03 December 2016

 
Dont worry, be happy: Bhutan values Gross National Happiness higher than GDP
My magical mystical tour
Wendy Driver heads for breathtaking Bhutan, where tigers fly and happiness is all that matters
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elcome to the Land of GNH' was blazoned across the poster in front of me as I stepped off the plane at Paro airport. I had just landed in Bhutan, where Gross National Happiness is considered far more important than Gross Domestic Product and economic success. Before we had even touched down, I knew I was visiting somewhere unique. Prayer flags lined the runway and the terminal had carved casement windows painted with ornate motifs. The only billboard showed a glamorous young couple, the fifth king and his queen, looking as if they had stepped out of a Bollywood movie.

Tashi, my guide for the week, met me, placing a white scarf around my neck as a sign of welcome. He was wearing the ubiquitous national dress, a knee-length wrap-over tunic hitched up by a wide belt. Women were elegantly attired in long sarongs with silk jackets and embroidered scarves. This tiny Himalayan kingdom, wedged between Tibet and India, is a land of myths and magic - a Shangri-La where, as legend has it, tigers fly through the air and witches reside in ancient forests.
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Buddhism lies at the heart of society. Houses are decorated with dragons, animals and phallic symbols to guard against malicious thoughts, and Buddhist monuments, known as stupas, are erected near rivers to defy evil spirits lurking beneath the water. Massive dzongs, medieval monastic fortresses, tower over
Celebrations in Gangtey at a festival for the black necked crane
" As legend has it, tigers fly through the air and witches reside in ancient forests."
valleys and shrines containing gilded prayer wheels dot the hillsides. Tiger's Nest, the country's most sacred site, is perched precipitously on a ledge above the Paro Valley. It was a three-hour slog to reach the diminutive temple and I was left gasping in the rarefied air - but it was worth the effort. I found myself walking through a canopy of brilliantly-coloured prayer flags in the midst of sheer cliffs and deep gorges where Spanish moss lay draped over the pine trees. Accommodation ranged from spanking-new hotels to delightful family-run guest houses where I'd curl up in front of wood-burning stoves in cosy bedrooms. At night temperatures plummeted.

A traditional hot stone bath was ideal to keep warm and had the bonus of supposedly curing aches and pains. At the Hotel Olathang in Paro, I lowered myself into a steamy pool heated by white-hot river rocks that released minerals into the water. Afterwards I felt so relaxed I fell asleep at dinner. Travelling around the country isn't easy. With many roads closed for repairs for several hours a day, a 50-mile journey can take five hours. Sometimes whole tracts of land had been washed away and we ended up driving across mudslides and along dirt tracks nextto dizzying drops.

But the views were sublime. Far below, silver rivers snaked through terraced farmland, while on the horizon were ranges of shimmering peaks. Wild yaks grazed on high grassland while monkeys squatted beside the bamboo in sub-tropical valleys. Sometimes we'd stop in remote villages and snack on freshly cooked momo dumplings stuffed with fried onions, which Tashi bought at market stalls. We feasted on more local fare at our daily picnics, tasting spicy noodles and deep-fried pakora with chilli cheese - the eye-watering national dish.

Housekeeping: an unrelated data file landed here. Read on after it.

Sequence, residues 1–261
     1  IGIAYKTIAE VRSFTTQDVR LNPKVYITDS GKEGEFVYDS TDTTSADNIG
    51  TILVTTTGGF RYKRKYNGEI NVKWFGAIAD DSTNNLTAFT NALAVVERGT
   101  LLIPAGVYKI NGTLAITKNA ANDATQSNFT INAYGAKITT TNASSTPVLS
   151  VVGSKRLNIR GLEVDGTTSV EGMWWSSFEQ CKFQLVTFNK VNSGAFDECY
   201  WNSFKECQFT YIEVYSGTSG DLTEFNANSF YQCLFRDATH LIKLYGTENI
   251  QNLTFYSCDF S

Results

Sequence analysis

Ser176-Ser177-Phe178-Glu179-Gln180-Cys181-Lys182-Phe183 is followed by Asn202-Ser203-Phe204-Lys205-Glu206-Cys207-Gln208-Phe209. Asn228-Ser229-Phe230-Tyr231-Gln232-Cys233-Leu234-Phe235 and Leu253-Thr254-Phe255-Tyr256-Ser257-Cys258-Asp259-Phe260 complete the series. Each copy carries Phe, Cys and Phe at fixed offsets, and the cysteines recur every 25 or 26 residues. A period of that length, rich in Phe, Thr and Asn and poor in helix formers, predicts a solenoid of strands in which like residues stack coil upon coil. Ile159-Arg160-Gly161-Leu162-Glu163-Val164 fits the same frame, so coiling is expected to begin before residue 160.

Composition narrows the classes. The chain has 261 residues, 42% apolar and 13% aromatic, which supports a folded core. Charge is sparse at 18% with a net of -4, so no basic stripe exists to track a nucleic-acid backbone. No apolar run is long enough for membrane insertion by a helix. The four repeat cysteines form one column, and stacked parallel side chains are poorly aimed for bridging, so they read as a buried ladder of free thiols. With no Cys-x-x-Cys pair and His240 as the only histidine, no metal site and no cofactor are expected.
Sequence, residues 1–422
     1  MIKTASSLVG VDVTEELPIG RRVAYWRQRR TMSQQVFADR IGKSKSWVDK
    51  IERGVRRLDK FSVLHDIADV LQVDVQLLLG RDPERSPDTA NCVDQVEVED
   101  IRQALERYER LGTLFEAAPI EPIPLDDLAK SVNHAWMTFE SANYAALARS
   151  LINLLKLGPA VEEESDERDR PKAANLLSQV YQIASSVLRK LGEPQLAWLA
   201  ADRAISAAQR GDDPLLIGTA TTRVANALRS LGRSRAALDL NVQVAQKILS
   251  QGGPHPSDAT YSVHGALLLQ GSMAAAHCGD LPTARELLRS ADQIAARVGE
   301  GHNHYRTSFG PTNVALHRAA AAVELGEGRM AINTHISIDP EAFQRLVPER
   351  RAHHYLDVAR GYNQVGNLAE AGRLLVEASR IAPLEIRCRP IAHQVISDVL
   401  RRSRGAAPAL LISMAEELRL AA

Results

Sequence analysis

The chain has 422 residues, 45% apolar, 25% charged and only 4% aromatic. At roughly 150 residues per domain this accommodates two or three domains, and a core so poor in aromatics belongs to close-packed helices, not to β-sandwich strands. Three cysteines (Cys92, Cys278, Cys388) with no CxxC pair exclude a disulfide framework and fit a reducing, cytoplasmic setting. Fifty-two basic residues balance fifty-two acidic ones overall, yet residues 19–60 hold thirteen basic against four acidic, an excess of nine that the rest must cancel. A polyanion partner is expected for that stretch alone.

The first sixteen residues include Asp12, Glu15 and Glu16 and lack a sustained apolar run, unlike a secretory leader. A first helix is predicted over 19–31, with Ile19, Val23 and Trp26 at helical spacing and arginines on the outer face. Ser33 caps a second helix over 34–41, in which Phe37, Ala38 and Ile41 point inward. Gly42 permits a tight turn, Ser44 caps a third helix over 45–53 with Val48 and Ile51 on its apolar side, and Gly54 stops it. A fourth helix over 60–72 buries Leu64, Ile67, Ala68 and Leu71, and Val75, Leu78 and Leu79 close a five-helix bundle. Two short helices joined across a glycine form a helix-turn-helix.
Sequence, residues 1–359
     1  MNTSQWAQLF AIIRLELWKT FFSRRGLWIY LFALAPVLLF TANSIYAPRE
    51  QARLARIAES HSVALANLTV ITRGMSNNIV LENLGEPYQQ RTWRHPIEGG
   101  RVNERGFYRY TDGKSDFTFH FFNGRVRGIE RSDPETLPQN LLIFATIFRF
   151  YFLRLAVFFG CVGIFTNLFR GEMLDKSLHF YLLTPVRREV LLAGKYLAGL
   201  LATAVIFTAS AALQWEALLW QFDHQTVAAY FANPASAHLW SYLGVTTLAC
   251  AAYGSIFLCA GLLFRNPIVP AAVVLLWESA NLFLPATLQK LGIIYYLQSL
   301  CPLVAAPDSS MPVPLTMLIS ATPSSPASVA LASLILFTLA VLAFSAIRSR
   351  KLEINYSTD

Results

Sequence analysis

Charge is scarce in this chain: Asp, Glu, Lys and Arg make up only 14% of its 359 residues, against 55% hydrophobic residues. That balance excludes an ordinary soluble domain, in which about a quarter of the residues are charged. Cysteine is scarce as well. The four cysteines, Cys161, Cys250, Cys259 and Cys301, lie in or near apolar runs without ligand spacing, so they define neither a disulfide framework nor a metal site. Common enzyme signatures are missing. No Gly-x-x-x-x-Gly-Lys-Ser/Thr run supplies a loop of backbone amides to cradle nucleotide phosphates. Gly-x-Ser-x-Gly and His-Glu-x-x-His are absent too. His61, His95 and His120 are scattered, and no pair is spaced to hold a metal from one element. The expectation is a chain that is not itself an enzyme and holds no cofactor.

After a hike along the Chokshor Chu river in Bumthang, we stopped for lunch in front of the head lama's house while his wife brought us dry-roasted rice. We shared the picnic with half a dozen of their rosy-cheeked grandchildren. The Bhutanese everywhere were welcoming.

In the Phobjikha Valley, I was invited into a farmhouse, climbing a rough-hewn ladder to the first-floor living quarters, passing trays of sliced turnips and red chillis laid out to dry. Zam, the farmer's wife, insisted I try her home-brewed Ara, alcohol made from distilled wheat, while I sat on the kitchen floor. It tasted like ginger wine.
The valley is famous for blacknecked cranes that spend the winter there after a flight over the Himalayas from the Tibetan Plateau. I gazed enthralled as they greeted each other, puffing up their feathers while they danced and bowed to their mates. At the nearby monastery in Gangtey, we joined hundreds of families at the Black-Necked Crane Festival. Further east the magnificent dzong at Trongsa is set on a pinnacle of rock, a whole city contained within its walls.

Pilgrims prostrated themselves before a huge golden statue illuminated by hundreds of flickering butter lamps while red-robed monks sat cross-legged, mumbling prayers in a hypnotic chant accompanied by the sound of tinkling bells. On our flight back to Paro we were joined by a serene young monk. It transpired he was one of Bhutan's highest lamas and the reincarnation of Khyentse Rinpoche, the Dalai Lama's spiritual teacher. The red carpet was rolled out for him to board the plane before he blessed us all with hands clasped together in prayer. It really was a fitting end to this enchanting holiday.


Original article published in Apr 2015. All info and prices correct at time of publication.


"We shared the picnic with half a dozen of their rosy-cheeked grandchildren. The Bhutanese everywhere were welcoming."
The Tiger's Nest perches high above the Paro Valley
The black necked cranes of Bhutan
 
 
 
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